Three wildlife sanc­tu­ar­ies miss­ing in Jhark­hand

Jhark­hand gov­ern­ment has qui­etly wiped three wildlife sanc­tu­ar­ies off its records in West Singb­hum dis­trict to abet iron ore min­ing

Down to Earth - - Front Page - ISHAN KUKRETI

IN AN al­most Kafkaesque de­vel­op­ment in Jhark­hand, ar­eas which should have been wildlife sanc­tu­ar­ies, teem­ing with an­i­mals and birds, now lie hol­lowed out and turned into open­cast iron ore mines. This has hap­pened in the hands of the state gov­ern­ment. In an elab­o­rate plan it has clan­des­tinely wiped three wildlife sanc­tu­ar­ies off its records in iron ore-rich West Singb­hum dis­trict—these are Sasangdabu­ru in Saranda for­est di­vi­sion, Bami­aburu in Kol­han for­est di­vi­sion and Son­gra or Tebo in Po­ra­hat di­vi­sion. The plan has been so metic­u­lously ex­e­cuted that one has to sift through records of the past 55 years to un­mask it.

These sanc­tu­ar­ies have been men­tioned in a report pre­pared by the now de­funct In­dian Board for Wild Life (IBWL) on Novem­ber 24, 1965, for a del­e­ga­tion of the In­ter­na­tional Union for Con­ser­va­tion of Na­ture. Bi­har (un­di­vided), the report says, has seven pro­tected ar­eas—two na­tional parks and five sanc­tu­ar­ies. They also fea­ture in the In­dian For­est Records: Glos­sary of terms used in na­ture con­ser­va­tion and wild life man­age­ment, pub­lished by the For­est Re­search In­sti­tute (FRI) in 1970. The book, au­thoured by P Venkatara­many, says while Son­gra sanc­tu­ary was cre­ated in 1932, the re­main­ing two were cre­ated in 1936. But two of the sanc­tu­ar­ies just van­ished from the day the Wildlife Pro­tec­tion Act, 1972, was en­acted. “The Act says sanc­tu­ar­ies no­ti­fied be­fore its pro­mul­ga­tion will be deemed to be sanc­tu­ar­ies,” says M K Ran­jitsinh, re­tired gov­ern­ment of­fi­cial who was the prin­ci­pal au­thor of the Act. Yet, none of the gov­ern­ment doc­u­ments pub­lished af­ter 1972 men­tion Bami­aburu and Son­gra sanc­tu­ar­ies. In­for­ma­tion about the two sanc­tu­ar­ies is so sketchy that ex­perts to­day are not even able to pin­point their ex­act lo­ca­tions. “If they are not there any­more, then it is a clear case of ob­fus­ca­tion,” says Ran­jitsinh.

The third sanc­tu­ary, Sasangda

buru, was last men­tioned in the work­ing plan of the Saranda for­est di­vi­sion for 1976-77 to 1995-97. In the work­ing plan, it was named Saranda, or Sasangda Game Sanc­tu­ary, and said to be spread over 314 sq km. It adds that the sanc­tu­ary was no­ti­fied in Fe­bru­ary 1968 and cov­ers for­est ar­eas of Tholk­a­bad (10,244 ha), Karam­pada (4,444 ha), Ko­dal­ibad (2,224 ha), Ta­gooda (56 ha), Karu­jagdaburu (34 ha), Samta (4,907 ha) and Tir­il­posi (9,586 ha).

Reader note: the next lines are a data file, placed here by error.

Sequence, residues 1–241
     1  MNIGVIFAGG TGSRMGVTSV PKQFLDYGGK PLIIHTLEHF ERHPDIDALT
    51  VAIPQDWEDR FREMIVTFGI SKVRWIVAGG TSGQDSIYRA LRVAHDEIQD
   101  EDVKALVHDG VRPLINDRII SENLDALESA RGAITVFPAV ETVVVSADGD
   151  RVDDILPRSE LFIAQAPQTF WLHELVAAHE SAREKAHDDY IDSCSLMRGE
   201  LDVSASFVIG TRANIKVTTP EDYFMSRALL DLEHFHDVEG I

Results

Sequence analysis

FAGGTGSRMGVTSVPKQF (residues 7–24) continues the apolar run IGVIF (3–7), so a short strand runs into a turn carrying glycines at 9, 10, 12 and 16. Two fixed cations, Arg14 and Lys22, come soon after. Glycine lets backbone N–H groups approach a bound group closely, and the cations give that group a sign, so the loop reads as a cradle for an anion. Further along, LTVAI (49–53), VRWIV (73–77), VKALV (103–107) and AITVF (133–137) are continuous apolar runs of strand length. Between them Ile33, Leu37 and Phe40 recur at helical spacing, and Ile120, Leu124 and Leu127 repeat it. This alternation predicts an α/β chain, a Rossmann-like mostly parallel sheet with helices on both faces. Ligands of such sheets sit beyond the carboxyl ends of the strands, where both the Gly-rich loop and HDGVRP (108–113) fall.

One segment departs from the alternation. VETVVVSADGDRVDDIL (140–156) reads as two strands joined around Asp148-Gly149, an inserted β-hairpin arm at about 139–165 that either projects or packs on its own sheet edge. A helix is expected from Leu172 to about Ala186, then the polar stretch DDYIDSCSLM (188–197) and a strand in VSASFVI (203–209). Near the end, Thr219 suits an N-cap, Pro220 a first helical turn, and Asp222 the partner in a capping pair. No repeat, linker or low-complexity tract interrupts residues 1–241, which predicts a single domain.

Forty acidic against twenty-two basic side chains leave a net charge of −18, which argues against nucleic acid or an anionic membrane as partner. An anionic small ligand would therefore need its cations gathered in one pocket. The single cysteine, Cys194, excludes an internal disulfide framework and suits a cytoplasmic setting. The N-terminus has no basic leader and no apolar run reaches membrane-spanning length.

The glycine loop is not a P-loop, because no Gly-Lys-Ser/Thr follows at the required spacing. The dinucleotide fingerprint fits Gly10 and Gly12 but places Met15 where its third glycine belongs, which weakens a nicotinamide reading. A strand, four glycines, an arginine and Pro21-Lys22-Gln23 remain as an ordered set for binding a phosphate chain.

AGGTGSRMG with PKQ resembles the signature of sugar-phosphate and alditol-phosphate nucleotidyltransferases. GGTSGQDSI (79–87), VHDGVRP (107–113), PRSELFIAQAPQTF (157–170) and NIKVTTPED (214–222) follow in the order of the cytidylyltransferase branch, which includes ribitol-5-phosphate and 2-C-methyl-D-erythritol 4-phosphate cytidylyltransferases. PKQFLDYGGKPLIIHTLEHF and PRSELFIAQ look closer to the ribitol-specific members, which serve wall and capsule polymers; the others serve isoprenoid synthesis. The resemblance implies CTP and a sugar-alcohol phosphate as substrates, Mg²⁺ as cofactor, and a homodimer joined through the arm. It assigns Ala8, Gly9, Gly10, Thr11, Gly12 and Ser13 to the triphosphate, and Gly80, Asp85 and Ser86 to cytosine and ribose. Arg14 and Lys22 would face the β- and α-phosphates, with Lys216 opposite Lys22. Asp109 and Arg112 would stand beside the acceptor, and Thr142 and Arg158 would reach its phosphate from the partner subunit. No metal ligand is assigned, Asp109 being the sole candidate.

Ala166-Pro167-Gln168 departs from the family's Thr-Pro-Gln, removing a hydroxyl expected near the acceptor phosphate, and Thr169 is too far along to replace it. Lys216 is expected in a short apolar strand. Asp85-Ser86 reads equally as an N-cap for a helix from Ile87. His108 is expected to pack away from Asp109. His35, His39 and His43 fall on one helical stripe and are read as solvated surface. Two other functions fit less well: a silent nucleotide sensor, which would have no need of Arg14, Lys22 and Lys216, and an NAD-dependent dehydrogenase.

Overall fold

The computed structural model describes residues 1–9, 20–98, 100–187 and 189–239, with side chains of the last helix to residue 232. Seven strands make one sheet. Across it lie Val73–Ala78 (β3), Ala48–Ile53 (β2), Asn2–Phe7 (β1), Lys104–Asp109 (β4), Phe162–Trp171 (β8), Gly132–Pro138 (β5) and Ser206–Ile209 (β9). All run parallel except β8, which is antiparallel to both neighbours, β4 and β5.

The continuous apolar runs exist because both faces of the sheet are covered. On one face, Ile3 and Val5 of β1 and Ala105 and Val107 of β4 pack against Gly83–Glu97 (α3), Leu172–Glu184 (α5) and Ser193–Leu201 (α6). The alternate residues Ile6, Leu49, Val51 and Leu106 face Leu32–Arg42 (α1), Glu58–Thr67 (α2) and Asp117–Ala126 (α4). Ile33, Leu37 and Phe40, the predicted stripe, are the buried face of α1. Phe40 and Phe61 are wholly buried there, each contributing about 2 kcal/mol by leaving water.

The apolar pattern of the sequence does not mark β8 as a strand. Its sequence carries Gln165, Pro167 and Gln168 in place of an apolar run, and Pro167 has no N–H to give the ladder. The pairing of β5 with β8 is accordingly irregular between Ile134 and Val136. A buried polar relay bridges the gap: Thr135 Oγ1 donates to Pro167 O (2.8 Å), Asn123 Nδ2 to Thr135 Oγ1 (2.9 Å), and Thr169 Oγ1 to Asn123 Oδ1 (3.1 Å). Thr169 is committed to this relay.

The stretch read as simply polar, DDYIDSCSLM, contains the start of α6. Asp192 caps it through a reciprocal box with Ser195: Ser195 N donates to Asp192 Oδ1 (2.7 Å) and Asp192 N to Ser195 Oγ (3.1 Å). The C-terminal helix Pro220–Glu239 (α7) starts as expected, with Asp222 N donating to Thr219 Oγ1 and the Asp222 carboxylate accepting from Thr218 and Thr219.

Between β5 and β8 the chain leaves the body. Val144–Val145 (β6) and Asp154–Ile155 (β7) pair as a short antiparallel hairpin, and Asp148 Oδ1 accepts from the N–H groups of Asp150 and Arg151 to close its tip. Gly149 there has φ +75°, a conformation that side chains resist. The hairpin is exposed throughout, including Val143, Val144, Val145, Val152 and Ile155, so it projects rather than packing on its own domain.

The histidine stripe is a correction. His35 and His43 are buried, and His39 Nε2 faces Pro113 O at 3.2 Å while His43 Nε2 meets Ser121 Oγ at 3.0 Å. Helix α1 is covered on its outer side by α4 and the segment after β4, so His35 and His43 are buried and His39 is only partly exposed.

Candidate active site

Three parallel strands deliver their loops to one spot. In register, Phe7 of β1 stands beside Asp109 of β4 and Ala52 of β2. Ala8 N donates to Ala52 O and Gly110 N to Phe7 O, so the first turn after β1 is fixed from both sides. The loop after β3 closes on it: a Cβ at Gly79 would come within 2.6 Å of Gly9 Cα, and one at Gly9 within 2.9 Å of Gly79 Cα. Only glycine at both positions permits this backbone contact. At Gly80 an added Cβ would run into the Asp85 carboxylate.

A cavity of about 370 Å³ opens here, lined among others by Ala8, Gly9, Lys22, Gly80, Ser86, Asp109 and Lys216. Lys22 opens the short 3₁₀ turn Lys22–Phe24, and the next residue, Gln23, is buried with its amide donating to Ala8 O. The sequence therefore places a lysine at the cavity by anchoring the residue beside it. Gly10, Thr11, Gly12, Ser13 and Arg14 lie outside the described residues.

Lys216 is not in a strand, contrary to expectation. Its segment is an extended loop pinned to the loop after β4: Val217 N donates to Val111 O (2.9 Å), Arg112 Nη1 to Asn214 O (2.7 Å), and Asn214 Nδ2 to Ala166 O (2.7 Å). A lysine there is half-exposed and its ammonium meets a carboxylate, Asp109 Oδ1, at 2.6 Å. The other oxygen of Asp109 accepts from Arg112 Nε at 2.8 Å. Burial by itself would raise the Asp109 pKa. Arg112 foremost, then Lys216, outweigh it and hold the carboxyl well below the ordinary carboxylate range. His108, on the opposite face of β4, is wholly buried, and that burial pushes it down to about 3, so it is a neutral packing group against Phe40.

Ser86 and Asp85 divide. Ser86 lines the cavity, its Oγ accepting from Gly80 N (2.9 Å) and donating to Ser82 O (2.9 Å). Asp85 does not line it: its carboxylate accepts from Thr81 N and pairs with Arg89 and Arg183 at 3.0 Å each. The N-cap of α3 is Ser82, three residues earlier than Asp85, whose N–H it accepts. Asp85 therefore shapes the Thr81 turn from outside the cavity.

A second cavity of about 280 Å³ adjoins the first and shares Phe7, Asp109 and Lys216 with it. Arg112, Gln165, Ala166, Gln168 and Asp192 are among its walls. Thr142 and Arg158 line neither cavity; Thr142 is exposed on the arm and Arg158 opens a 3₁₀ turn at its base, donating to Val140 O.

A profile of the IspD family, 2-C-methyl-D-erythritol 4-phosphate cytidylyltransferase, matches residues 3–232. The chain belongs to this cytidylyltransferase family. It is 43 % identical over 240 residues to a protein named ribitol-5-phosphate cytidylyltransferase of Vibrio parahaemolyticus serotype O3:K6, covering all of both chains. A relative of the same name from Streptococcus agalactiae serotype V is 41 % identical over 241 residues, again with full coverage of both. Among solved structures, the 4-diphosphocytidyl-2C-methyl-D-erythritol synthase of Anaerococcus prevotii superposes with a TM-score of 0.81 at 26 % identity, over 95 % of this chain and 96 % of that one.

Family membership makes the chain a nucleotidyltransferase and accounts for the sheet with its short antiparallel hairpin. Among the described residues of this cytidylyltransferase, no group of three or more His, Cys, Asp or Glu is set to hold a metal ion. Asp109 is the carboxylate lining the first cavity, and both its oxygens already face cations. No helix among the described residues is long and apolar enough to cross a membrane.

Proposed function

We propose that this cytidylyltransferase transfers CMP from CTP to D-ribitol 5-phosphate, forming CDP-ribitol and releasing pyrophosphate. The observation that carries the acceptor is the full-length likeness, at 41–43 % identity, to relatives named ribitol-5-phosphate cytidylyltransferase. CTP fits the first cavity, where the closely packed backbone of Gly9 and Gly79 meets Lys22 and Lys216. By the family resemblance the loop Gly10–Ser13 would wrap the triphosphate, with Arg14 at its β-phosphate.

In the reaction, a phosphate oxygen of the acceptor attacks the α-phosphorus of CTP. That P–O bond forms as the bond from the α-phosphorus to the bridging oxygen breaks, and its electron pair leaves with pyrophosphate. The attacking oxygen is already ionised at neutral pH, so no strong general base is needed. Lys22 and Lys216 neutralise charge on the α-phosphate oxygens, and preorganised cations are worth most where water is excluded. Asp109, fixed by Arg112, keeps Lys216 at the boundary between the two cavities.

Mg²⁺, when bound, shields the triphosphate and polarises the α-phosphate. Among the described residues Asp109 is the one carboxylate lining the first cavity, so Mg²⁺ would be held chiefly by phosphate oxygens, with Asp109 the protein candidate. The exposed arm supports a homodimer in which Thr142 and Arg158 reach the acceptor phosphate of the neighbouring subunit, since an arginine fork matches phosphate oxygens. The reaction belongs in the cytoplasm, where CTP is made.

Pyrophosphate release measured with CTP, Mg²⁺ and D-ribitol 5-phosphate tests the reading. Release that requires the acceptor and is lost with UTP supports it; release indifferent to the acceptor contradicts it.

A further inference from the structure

“We tried lo­cat­ing the no­ti­fi­ca­tion doc­u­ments for the three sanc­tu­ar­ies three to four years ago, but could not find them,” ad­mits Sashi Nand­ke­ol­yar, prin­ci­pal chief con­ser­va­tor of forests, Jhark­hand.

This is quite un­usual be­cause af­ter the 1972 Act, the other Bi­har sanc­tu­ar­ies were in­creased in size and then re-no­ti­fied, says Raza Kazmi, a Jhark­hand-based wildlife re­searcher. “The Saranda work­ing plan was not re­drawn af­ter 1997 be­cause most min­ing leases, in­clud­ing those be­long­ing to the Steel Au­thor­ity In­dian Lim­ited (SAIL), had to be re­newed around the 2000s,” says R K Singh of non-profit Le­gal Ini­tia­tive for For­est and En­vi­ron­ment. Karam­pada, where the sanc­tu­ary was sup­posed to be, has been hol­lowed out by SAIL’S 879 ha iron ore mine. The area to­day has nu­mer­ous nar­row streams of red waste wa­ter from the mine which zigzag through what oth­er­wise would have been a pris­tine for­est. A 2016 study by the Wildlife In­sti­tute of In­dia found that plant species in the Saranda for­est had come down to just 87, from over 300 species ear­lier. They also could not spot a sin­gle ele­phant, even though 2010 cen­sus recorded 253 ele­phants.

SOURCE OF STEEL

His­tor­i­cally, Saranda mines have been feed­ing In­dia’s very first in­dus­trial towns like Bokaro Steel City in Jhark­hand and Rourkela in Odisha. The gov­ern­ment’s fo­cus on heavy in­dus­tries—in­clud­ing steel—from the Sec­ond Five Year Plan (1956-61) and the In­dus­trial Pol­icy of 1956 fur­ther threat­ened the sanc­tu­ar­ies. This ex­plains why Saranda’s land­scape was bru­tally mu­ti­lated even as sev­eral gov­ern­ment doc­u­ments warned against it. The 1965 IBWL report, for ex­am­ple, says ele­phants have